“This garden is a typological piece; it’s a type. It’s not a context piece. So in a way this kind of garden, this kind of viewing, this device, can be anywhere. Somebody buys this and puts it up somewhere else, so it cannot be a piece of the place. So this piece is sort of a more eternal piece, it comes from afar. And if you put it up somewhere else, it would have other plans, other sky, and another climate. So let’s see what happens. I think chances are good it will be put up again, and I will see then what’s in it.”


Via Dezeen . Or directly on Vimeo. Official photos via dezeen here.

Kenneth Frampton on Aalto, Corbusier, detached houses, the suburbs &c.

Monday, June 27th, 2011

The video below, produced by Slow Home Studio in Calgary, Alberta, is a short, brilliant, unrehearsed lecture by renowned architect, architectural critic and historian Kenneth Frampton on the history of the detached house in our era. Worth watching the whole thing – but the complete transcribed text is below.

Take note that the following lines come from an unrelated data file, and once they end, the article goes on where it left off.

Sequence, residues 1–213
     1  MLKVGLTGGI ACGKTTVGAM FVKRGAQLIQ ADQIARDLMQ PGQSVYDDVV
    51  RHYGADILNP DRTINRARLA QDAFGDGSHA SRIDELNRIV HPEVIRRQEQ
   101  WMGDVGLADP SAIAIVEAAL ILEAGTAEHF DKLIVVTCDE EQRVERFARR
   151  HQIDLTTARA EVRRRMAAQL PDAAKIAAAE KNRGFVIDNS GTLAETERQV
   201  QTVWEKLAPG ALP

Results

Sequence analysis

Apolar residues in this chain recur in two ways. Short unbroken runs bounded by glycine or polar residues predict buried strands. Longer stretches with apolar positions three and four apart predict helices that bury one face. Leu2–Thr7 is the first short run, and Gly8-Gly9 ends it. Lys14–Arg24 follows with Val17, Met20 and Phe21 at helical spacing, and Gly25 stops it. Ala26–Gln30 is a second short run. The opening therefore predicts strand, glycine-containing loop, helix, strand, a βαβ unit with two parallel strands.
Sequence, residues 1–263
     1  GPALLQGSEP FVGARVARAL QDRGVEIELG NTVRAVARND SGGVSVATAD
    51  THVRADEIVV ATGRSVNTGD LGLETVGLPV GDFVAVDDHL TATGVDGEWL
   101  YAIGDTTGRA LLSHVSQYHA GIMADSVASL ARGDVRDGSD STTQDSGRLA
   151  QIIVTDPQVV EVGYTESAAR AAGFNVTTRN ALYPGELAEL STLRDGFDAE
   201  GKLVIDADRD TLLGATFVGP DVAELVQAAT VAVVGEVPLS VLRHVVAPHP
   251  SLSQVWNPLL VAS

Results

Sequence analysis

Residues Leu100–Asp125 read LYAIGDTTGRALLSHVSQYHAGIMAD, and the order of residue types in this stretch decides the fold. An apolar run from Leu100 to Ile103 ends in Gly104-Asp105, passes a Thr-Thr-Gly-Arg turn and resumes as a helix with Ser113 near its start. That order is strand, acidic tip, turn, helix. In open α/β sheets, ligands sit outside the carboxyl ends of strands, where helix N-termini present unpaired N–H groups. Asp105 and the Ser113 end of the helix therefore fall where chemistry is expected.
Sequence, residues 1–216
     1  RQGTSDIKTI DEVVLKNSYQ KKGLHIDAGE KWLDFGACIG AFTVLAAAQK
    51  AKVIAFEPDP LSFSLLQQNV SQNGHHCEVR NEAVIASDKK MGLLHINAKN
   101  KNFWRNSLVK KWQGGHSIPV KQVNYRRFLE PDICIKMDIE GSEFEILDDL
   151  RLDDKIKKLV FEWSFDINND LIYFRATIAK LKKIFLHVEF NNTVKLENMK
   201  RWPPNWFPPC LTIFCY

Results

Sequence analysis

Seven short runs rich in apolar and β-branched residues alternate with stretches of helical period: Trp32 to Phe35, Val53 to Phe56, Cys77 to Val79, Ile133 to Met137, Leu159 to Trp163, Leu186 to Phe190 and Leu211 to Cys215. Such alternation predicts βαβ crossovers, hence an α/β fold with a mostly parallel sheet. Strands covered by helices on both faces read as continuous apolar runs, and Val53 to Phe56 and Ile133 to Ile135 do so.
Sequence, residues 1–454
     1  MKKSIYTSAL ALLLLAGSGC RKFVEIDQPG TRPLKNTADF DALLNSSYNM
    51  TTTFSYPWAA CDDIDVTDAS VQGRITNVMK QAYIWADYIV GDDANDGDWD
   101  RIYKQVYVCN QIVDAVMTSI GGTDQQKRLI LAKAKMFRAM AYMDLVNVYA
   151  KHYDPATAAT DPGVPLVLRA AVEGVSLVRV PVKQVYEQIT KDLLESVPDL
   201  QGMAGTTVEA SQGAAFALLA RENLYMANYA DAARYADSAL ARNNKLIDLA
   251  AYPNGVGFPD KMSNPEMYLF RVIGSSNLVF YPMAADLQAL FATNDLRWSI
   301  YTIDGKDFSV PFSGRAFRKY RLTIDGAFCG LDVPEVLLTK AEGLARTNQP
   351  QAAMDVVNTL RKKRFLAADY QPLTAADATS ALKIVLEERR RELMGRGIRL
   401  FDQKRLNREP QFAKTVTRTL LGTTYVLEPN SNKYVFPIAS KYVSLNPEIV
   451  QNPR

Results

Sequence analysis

“First of all, you know the pathos of each little box being isolated from the next in many cases, particularly as the time goes on and new subdivisions are made I noticed as athe plane landed that these boxes are placed ever more closely together. And so there is a pathos of the individuality – the question of what choice do people have. And that’s one of the paradoxes of the market society I think. Because in many aspects the market is rigged and the people don’t really have a choice, right? The market is rigged by the combination of the banks and the mortgage companies and the building regulations and the home-building industry and it’s all symbiotically connected . Why is it that Germans and Austrians and Swiss are willing to live close together, the middle class I mean, and the Anglo-American middle class are generally speaking not willing to live close together. I mean but they do of course end up living close together, it’s an absurdity, because they’re living close together anyway! But their houses must not join…”